Rice husk grist to the cement mill: new student developed technology

Students from the University of Melbourne have developed a revolutionary machine to create low-cost, environmentally sustainable building materials, which is expected to have substantial applications in developing countries.

The Rice Ash Husk Grinder, developed by Edward Brelsford, Simon Liley, Kareem Sultan and Carl Muir, was on show as part of the recent Endeavour Expo, which showcases final-year projects developed by engineering and IT students at the University of Melbourne, and which provides a sneak peak of technology and innovation for tomorrow.

The team developed an experimental device, allowing them to determine the most efficient way to grind rice husk ash, a waste product from rice production, creating an alternative, highly-sustainable ingredient for concrete. The innovative concept paid off for the students, who were awarded the 2014 Endeavour Sustainability Prize, as well as the Departmental Prize for Mechanical Engineering.

Of the materials that we use most in the world, concrete is second only to water. The fundamental building material is typically held together by cement, which is produced through consumption of a large amount of energy. This means the production of concrete, buildings and other infrastructure leaves a hefty bill and a vast carbon footprint in its wake.

By using rice husk ash as an ingredient for concrete, less cement or ‘glue’ would be needed to construct buildings, reducing the infrastructure’s impact on the environment. As a waste product that is plentiful in South-East Asian countries such as Thailand and Indonesia, the material offers greater energy efficiency during concrete production, empowering communities in developing countries to cheaply and sustainably develop infrastructure.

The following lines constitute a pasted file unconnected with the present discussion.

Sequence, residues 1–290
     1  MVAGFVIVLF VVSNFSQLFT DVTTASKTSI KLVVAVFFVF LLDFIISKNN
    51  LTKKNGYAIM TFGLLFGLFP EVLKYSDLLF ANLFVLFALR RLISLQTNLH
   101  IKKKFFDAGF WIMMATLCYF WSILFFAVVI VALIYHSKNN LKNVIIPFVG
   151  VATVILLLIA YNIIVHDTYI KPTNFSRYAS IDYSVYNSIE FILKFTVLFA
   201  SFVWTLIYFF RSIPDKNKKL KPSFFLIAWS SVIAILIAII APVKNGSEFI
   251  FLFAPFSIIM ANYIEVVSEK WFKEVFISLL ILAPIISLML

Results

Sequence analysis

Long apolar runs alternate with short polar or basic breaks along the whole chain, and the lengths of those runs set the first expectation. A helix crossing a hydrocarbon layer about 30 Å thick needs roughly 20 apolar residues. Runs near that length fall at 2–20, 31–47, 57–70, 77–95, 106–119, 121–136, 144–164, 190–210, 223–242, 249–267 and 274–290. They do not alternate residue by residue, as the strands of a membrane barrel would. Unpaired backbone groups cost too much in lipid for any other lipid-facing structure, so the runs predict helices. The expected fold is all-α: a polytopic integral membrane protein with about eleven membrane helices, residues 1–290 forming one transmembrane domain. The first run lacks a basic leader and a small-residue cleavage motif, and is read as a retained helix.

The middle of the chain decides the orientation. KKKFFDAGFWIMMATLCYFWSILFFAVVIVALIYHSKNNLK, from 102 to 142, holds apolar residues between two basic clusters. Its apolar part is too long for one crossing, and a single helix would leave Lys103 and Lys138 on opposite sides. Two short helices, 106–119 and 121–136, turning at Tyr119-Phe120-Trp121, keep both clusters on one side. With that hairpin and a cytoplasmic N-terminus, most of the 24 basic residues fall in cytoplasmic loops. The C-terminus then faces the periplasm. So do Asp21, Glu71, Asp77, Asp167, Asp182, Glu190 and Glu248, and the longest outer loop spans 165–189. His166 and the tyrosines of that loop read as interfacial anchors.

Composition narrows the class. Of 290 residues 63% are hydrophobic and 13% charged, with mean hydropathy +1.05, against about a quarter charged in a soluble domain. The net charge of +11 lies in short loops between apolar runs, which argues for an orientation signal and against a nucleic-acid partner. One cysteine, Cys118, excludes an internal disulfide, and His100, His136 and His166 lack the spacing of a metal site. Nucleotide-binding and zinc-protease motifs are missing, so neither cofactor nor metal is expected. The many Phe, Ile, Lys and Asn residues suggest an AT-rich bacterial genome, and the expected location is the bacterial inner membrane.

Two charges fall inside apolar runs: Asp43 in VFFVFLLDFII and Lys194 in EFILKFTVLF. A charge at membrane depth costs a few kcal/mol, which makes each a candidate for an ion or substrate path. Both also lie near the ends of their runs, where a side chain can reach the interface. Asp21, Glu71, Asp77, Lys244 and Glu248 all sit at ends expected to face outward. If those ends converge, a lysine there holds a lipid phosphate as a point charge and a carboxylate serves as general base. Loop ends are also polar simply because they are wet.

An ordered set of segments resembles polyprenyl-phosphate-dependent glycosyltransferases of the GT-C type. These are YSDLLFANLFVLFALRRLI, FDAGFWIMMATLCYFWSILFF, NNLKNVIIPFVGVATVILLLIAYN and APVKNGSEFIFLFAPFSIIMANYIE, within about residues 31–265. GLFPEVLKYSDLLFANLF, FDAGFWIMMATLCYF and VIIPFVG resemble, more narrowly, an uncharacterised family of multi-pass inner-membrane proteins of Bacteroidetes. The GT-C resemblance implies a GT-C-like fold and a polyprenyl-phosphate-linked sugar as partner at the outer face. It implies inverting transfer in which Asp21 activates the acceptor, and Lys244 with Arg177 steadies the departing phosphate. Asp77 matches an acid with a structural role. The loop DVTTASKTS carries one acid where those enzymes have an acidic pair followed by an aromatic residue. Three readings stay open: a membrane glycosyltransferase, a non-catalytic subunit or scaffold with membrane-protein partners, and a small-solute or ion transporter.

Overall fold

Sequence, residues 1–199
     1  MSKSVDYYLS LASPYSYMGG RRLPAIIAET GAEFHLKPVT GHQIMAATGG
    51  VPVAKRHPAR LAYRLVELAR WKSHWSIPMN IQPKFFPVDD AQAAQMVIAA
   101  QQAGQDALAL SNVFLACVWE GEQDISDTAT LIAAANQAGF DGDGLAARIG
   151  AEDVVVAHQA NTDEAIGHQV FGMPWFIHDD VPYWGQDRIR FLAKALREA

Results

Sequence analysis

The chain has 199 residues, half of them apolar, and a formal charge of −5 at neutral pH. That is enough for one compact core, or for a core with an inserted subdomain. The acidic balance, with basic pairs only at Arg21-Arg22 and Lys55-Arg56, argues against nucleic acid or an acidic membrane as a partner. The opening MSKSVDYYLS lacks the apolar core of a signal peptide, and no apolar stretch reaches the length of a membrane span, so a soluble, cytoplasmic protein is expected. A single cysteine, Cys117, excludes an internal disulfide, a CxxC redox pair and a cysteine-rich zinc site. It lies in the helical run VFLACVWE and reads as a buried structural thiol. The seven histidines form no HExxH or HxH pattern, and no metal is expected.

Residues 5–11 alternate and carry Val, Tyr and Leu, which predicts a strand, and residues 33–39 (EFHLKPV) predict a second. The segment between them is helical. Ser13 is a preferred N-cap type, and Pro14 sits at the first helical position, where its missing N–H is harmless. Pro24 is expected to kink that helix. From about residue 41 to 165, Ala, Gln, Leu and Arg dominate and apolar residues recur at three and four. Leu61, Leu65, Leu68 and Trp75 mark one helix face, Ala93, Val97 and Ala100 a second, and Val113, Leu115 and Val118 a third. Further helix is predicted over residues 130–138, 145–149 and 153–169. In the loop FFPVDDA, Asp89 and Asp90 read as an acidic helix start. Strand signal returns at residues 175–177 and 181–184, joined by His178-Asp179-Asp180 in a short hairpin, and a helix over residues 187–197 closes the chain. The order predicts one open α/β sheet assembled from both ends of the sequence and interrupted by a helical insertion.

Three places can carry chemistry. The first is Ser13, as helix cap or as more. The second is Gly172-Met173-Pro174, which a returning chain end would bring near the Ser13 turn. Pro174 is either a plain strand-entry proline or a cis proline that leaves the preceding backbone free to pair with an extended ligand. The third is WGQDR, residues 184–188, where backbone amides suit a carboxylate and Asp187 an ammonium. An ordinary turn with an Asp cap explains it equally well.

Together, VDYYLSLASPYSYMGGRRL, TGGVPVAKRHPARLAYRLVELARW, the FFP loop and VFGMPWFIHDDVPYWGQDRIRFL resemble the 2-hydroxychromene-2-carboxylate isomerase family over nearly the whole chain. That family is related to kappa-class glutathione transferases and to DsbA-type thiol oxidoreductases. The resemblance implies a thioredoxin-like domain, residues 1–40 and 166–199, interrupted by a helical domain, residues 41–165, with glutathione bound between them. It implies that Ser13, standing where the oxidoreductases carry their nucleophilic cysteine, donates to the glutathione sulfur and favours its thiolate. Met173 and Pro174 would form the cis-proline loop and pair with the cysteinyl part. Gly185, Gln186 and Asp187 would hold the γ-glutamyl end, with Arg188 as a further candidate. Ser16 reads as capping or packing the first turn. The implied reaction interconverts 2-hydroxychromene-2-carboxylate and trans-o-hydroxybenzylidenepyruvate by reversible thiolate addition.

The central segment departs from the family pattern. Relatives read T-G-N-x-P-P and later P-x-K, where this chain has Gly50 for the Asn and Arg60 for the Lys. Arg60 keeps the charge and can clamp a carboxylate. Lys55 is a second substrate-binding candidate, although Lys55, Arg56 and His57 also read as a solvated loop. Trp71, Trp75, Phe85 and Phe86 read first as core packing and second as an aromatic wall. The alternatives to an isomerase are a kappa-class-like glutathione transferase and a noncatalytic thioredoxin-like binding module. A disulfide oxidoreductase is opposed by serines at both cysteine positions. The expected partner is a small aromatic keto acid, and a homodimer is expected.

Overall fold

“Instead of seeing rice husk ash as a waste product, we can use it in the construction of buildings across Asian countries,” says team member Kareem Sultan.

Simon Liley says concern about sustainability was the team’s guiding passion.

“I believe strongly that engineering can be a powerful force for good and I hope to take that belief with me wherever I end up,” Mr Liley says.

Edward Brelsford agrees, and found working with a dedicated group on a project that was centred on sustainability and had a chance of being implemented very enjoyable.

“It’s important to do something you’re passionate about, and something you may not get the opportunity to do again. It’s not very often you get to select a project that interests you, and that you are supported to make that project the best it can be.”

Carl Muir concedes the final year project was a massive challenge, but also inspiring, offering a blank page for the team to write on.

“We received a lot of support from the Department, who allowed us to conduct our tests in their labs and provided a lot of help along the way,” he says.

Academics in the Department of Infrastructure Engineering are currently working on similar research projects, including an investigation into how fly ash can be used in a similar way to rice husk ash, as an alternative ingredient for concrete. Fly ash, derived from burning coal, is a common waste material in Australia. Concrete production offers a means of recycling these waste products that would otherwise be discarded.

Over 100 final year engineering and IT design projects were on display at the recent Endeavour Expo. Over the course of 2014 student teams were able to put the theory of their studies into practice in order to create unique solutions to real-world problems. Some of the projects included a portable brain-scanning device to assist epilepsy research, a fully functioning micro-brewery, a robot that can fight fires, and a device that transcribes music directly from a guitar.

The expo was visited by school students from around Victoria, along with University of Melbourne staff and students and industry representatives. The event included a keynote address from Intel’s Director of Interaction and Experience Research, Genevieve Bell, who stressed the importance of increasing the participation rates of women in engineering and technology.

This article was originally published in The University of Melbourne Voice


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